It takes a look forward to the post 2016 (read: bloody ages away) concepts before we even get mention of something that might possibly be a future rail line to serve this part of the city. No real plans though, at least not in the detail that has been done for the roading parts of AMETI, just a few squiggly lines:
On the up-side, if the green lines were all built as railway lines then there’s the potential for Auckland to have a fantastic rail network. On the down side, it seems like the planners of AMETI are giving themselves every opt out clause possible. Indicative alignments only, some time post 2016 plans and so forth. Of course this is translation for “once we sort out the roads we’ll see what’s left in the budget for public transport”. The other problem with the proposed additional “rapid transit networks” (which could be a busway, train line or seemingly even bus lanes according to the planners of the Central Connector) is that a huge part of East Auckland remains unserved. Howick, Highland Park, Bucklands Beach and so forth remains a heck of a long bus trip away from a railway station. Instead, we have the railway line serving a light-industry area along Ti Rakau Drive between Pakuranga and Botany. Once again, hardly ideal.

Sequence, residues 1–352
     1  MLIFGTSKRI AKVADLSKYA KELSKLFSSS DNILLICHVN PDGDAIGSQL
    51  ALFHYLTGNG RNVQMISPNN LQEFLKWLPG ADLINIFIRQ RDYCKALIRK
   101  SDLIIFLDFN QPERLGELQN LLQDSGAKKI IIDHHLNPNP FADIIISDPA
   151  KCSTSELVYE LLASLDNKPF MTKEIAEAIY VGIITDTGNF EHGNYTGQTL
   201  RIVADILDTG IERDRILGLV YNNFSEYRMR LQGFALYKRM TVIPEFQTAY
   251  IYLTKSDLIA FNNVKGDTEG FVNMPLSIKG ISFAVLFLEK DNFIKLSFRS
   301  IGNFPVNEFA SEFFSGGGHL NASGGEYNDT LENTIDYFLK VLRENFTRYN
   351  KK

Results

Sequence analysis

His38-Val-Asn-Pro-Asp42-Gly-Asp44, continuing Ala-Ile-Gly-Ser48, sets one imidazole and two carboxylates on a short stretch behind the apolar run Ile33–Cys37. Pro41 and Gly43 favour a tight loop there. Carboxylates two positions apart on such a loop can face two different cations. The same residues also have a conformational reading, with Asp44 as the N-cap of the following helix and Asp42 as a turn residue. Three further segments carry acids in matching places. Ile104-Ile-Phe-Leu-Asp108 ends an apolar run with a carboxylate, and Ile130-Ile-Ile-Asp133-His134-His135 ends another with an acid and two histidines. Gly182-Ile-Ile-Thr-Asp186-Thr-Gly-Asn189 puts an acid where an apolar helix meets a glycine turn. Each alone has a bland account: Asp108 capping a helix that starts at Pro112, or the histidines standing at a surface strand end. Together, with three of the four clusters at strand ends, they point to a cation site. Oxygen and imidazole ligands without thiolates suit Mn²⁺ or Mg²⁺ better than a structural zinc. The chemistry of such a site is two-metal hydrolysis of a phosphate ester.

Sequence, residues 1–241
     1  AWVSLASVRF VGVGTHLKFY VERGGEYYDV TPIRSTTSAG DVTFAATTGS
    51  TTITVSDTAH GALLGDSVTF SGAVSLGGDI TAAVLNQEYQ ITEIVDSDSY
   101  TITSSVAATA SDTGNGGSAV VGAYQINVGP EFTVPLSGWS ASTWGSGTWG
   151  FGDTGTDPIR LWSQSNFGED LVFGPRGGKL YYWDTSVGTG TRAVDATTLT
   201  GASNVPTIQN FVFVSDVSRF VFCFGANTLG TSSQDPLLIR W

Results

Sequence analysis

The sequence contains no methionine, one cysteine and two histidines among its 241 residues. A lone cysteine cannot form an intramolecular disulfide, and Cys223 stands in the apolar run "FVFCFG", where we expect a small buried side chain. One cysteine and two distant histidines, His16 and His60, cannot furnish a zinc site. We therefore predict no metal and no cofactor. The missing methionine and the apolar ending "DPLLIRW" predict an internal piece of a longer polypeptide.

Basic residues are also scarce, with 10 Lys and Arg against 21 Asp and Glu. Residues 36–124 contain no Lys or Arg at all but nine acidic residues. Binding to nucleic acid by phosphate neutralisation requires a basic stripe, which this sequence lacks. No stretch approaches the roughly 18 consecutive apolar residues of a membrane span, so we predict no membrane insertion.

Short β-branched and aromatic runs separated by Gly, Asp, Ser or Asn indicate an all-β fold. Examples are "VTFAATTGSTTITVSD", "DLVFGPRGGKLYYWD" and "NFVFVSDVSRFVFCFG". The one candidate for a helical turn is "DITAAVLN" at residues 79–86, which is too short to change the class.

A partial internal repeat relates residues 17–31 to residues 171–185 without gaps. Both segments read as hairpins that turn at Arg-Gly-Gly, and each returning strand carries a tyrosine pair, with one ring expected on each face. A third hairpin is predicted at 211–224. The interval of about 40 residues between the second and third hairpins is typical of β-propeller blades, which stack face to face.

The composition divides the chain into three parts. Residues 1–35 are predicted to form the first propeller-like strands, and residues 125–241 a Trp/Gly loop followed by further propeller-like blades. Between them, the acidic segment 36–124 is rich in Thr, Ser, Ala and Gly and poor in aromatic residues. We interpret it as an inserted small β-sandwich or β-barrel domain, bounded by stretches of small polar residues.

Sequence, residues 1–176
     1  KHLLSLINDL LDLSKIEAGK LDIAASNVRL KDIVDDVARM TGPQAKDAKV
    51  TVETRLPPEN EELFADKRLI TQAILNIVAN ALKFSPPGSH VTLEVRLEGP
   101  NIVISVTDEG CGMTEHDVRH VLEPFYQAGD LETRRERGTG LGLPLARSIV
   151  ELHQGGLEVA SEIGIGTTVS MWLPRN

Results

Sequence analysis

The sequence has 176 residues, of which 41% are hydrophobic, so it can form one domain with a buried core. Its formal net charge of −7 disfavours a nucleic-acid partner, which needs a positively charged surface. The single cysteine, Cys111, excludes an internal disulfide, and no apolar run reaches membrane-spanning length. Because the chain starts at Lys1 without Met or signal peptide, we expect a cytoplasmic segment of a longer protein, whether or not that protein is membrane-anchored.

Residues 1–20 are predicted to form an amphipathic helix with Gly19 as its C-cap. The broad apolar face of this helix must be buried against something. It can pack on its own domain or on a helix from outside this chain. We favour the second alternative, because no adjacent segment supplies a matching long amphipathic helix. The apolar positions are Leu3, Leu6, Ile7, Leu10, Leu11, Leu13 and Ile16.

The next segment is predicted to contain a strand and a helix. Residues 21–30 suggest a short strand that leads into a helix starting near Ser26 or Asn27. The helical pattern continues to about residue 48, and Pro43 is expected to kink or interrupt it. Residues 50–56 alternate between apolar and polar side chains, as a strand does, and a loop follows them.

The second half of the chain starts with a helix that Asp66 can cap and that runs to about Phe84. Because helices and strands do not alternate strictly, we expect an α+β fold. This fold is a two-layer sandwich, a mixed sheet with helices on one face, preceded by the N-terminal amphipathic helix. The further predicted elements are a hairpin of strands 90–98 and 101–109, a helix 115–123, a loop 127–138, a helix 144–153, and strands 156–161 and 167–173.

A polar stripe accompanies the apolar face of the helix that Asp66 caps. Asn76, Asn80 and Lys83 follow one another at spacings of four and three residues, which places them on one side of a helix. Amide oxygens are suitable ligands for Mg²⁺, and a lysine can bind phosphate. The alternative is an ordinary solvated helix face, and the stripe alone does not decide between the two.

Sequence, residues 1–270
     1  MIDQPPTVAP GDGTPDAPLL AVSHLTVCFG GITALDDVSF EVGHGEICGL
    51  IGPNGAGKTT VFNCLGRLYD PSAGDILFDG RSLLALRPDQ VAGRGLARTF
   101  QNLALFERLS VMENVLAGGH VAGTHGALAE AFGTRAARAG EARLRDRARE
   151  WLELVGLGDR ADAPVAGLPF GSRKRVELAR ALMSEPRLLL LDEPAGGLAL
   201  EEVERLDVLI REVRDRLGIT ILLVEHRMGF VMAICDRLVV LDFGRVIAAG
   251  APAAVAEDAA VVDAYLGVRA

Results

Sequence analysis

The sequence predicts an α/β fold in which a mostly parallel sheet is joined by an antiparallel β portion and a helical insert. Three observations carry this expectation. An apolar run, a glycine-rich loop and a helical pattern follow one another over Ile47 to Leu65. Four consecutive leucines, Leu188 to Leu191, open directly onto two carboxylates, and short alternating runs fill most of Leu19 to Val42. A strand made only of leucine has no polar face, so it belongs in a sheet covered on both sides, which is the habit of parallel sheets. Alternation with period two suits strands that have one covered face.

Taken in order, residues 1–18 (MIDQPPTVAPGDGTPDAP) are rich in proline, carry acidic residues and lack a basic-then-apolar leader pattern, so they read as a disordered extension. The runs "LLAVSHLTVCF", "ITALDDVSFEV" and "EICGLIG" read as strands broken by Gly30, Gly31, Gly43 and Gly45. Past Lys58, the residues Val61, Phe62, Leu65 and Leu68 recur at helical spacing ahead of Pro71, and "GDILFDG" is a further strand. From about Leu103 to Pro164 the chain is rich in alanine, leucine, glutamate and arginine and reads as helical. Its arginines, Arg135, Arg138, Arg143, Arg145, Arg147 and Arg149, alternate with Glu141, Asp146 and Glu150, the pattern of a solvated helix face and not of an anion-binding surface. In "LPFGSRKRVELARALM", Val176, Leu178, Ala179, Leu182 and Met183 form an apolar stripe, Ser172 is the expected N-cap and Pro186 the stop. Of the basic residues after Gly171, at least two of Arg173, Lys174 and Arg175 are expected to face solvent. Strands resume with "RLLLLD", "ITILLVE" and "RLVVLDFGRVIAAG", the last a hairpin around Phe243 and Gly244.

I shall attempt to offer some real solutions to the “East Auckland Problem” in my next post. The solutions are unlikely to be easy – the lack of foresight shown by planners in the past 50 years have put paid to that being a possiblity – or cheap, but they are there. One just needs to think about it a bit and consider East Auckland as actually being a part of the city that could be a real success story for public transport in the future.
Although most of the world seems to be coming to their senses that urban sprawl is an unsustainable remnant of the late 20th century, it appears as though that battle is far from won in New Zealand. The Auckland Regional Council had put in place a Metropolitan Urban Limit since 1999 that has curbed the previously crazy greenfield expansion of the city (or at least made it happen in just a few places), yet it seems that day after day the ARC takes flak for doing this. In recent consultation with councils over what the future shape of the Auckland Regional Policy Statement (which enshrines the MUL) should be their policies of limiting urban expansion came under some pretty surprising attack by a number of Auckland’s smaller councils. Of note, on page 19 we have this little gem:
“…other submitters including Rodney District Council, Papakura District Council and Manukau City Council supported a moveable Metropolitan Urban Limit that is able to respond to changing capacity needs, particularly to provide the opportunity for additional business land.”